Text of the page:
Normalizing Utilization and Pivot to Value-Based Care Delivery Models Present Opportunities for Employer-Sponsored Health Plans, J.D. Power Finds
Call Center Customer Support and Digital Tools Emerge as Key Areas in Need of Improvement
With pandemic-driven volatility in healthcare starting to subside, health spending and utilization are projected to normalize during the next two years. According to the J.D. Power 2022 U.S. Commercial Member Health Plan Study, released , that return to normal presents a complex set of challenges and opportunities for health plans, which have been struggling to win member trust and loyalty. At the top of the list, health plans need to focus on their customer-facing talent and their digital self-service tools.
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“We’re entering a period in healthcare where we anticipate a relatively predictable ramp-up in healthcare utilization, which will create significant opportunities for health plans to deliver more customer-centric and differentiated care”
“We’re entering a period in healthcare where we anticipate a relatively predictable ramp-up in healthcare utilization, which will create significant opportunities for health plans to deliver more customer-centric and differentiated care,” said Christopher Lis, managing director, global healthcare intelligence at J.D. Power. “It’s important to note, however, that customer expectations have evolved during the past two years, in tandem with increasing momentum around the adoption of value-based care delivery models. Health plan members expect a personalized, hands-on experience when dealing with customer support and they expect a seamless digital experience when engaging online. Health plans have some work to do to get the formulas right.”
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Following are key findings of the 2022 study:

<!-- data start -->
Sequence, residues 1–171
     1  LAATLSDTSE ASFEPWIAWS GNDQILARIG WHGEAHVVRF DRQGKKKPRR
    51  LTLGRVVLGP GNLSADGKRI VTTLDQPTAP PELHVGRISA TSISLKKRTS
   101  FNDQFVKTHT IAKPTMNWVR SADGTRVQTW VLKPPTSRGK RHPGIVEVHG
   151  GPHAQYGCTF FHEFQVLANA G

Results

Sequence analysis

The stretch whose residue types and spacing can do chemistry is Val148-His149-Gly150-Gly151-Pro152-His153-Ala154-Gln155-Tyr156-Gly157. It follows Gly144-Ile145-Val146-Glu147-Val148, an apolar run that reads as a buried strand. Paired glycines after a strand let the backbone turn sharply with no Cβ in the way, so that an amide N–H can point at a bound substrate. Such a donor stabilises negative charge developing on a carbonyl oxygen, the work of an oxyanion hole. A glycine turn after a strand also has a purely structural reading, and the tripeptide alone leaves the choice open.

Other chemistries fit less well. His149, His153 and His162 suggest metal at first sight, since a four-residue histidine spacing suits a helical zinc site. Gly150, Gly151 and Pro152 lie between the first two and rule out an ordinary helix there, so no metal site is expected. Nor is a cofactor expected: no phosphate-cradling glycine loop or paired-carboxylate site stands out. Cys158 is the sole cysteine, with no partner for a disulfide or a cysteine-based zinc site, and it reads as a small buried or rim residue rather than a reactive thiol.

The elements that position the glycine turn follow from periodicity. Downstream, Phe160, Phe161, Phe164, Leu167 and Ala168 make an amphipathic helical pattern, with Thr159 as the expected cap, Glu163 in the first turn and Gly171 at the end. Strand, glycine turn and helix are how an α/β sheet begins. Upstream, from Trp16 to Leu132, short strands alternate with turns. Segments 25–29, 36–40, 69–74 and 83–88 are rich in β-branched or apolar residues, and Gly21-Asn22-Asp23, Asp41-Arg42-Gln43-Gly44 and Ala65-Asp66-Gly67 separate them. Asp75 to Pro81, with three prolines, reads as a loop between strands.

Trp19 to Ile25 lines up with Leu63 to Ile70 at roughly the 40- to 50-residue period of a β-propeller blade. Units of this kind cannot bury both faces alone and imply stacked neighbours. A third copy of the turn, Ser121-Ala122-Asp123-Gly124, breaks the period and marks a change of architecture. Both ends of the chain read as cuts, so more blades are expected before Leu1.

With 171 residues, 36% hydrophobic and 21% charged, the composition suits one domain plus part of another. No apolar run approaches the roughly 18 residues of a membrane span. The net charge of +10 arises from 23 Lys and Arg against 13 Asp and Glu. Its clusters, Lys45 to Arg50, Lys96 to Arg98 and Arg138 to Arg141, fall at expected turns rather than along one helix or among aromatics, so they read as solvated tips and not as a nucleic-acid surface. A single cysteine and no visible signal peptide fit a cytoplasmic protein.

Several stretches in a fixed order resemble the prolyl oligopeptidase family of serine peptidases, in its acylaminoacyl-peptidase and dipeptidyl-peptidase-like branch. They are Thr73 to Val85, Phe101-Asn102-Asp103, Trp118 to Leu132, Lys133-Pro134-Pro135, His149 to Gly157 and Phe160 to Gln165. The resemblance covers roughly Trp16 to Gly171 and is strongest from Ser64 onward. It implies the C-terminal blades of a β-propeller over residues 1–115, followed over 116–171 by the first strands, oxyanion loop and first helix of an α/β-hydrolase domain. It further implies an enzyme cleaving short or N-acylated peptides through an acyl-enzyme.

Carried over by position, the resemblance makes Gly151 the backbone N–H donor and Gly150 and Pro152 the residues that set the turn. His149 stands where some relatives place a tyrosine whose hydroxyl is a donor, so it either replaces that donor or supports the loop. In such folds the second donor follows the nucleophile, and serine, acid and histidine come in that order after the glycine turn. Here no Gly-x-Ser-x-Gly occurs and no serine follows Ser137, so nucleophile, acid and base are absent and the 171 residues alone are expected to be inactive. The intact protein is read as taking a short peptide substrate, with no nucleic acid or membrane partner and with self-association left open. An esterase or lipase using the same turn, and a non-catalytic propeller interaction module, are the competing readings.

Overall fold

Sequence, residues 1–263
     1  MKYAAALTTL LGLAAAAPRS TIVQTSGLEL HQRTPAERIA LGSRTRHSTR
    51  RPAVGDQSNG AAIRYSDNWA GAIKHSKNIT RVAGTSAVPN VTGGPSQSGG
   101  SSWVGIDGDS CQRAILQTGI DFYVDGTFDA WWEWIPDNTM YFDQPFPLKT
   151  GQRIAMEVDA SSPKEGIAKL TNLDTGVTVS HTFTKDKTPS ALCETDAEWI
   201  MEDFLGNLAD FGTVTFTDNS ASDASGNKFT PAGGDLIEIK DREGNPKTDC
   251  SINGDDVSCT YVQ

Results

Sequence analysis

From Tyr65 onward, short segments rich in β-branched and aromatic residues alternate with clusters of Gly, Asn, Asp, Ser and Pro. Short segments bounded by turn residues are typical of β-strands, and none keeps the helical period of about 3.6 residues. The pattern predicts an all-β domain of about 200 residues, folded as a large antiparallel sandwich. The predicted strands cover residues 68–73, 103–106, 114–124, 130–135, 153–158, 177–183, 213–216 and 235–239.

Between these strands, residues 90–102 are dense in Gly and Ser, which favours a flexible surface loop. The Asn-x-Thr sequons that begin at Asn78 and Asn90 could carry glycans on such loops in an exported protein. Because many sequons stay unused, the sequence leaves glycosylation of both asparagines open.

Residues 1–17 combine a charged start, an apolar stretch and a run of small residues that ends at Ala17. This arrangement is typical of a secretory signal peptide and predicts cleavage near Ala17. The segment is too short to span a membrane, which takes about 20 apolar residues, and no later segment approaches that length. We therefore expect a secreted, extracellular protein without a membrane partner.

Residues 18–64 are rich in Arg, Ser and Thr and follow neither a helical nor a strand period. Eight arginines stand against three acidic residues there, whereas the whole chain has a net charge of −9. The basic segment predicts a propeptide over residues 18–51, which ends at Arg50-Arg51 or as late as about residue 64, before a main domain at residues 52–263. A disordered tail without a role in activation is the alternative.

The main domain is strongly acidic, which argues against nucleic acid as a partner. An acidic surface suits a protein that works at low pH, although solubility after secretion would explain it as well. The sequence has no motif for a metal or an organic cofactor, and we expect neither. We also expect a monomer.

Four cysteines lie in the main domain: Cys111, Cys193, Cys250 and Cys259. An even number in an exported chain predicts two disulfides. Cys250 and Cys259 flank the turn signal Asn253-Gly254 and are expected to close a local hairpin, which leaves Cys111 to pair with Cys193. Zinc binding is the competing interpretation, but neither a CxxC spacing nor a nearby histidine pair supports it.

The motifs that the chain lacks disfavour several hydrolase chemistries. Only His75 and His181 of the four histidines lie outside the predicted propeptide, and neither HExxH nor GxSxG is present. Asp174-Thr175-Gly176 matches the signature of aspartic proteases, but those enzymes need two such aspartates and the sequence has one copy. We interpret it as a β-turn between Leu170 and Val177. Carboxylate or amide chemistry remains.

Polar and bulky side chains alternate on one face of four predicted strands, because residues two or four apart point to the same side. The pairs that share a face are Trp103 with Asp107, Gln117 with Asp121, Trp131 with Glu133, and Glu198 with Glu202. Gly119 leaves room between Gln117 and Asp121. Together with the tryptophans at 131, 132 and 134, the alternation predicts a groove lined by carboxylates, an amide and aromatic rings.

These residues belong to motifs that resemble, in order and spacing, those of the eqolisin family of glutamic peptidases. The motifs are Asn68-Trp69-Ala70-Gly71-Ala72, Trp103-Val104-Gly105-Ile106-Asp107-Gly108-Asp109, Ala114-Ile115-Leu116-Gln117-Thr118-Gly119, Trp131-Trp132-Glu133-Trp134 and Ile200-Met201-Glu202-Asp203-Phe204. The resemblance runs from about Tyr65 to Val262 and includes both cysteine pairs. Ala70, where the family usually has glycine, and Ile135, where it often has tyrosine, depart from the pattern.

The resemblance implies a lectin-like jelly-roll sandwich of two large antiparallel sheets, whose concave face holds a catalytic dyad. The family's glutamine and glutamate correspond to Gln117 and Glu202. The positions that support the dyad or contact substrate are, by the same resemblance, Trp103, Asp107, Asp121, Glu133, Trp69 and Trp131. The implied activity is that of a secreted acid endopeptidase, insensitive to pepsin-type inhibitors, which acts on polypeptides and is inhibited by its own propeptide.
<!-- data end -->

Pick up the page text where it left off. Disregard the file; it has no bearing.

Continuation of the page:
- Overall satisfaction flat year over year: Overall satisfaction has increased 17 points (on a 1,000-point scale) during the past five years, but there is no change in 2022 from 2021, due in part to declines in satisfaction in customer service and dissatisfaction with coverage options and desired network providers.
- Responsiveness and innovation drive higher satisfaction: The average overall satisfaction score among members who describe their health plan as being “responsive” is 847, which is 346 points higher than among those who describe their health plan as being “slow.” Similarly, the satisfaction performance gap between plans that are perceived as “innovative” (873) and those perceived as “conventional” (604) is 269 points.
- Call center talent in crosshairs: Customer service call center performance among health plans declines overall in several metrics; including an index score decline of 5 points year over year (791 from 796). Members indicate putting more effort into calls handled by a customer service representative, citing examples of having to repeat information and not having their questions, requests or problems resolved in a timely manner. Phone hold times have increased an average of 52 seconds, or 15% year over year, while knowledge and clarity of information provided has declined.
- Opportunities continue to leverage digital solutions and tools to improve care delivery: Although engagement activity has remained relatively consistent, members have declining satisfaction with text messaging support (-14 points), website (-6) and mobile app (-6). Consistent with this finding, just 22% of members describe their health plan as being “innovative,” a number that has not changed in the past three years.
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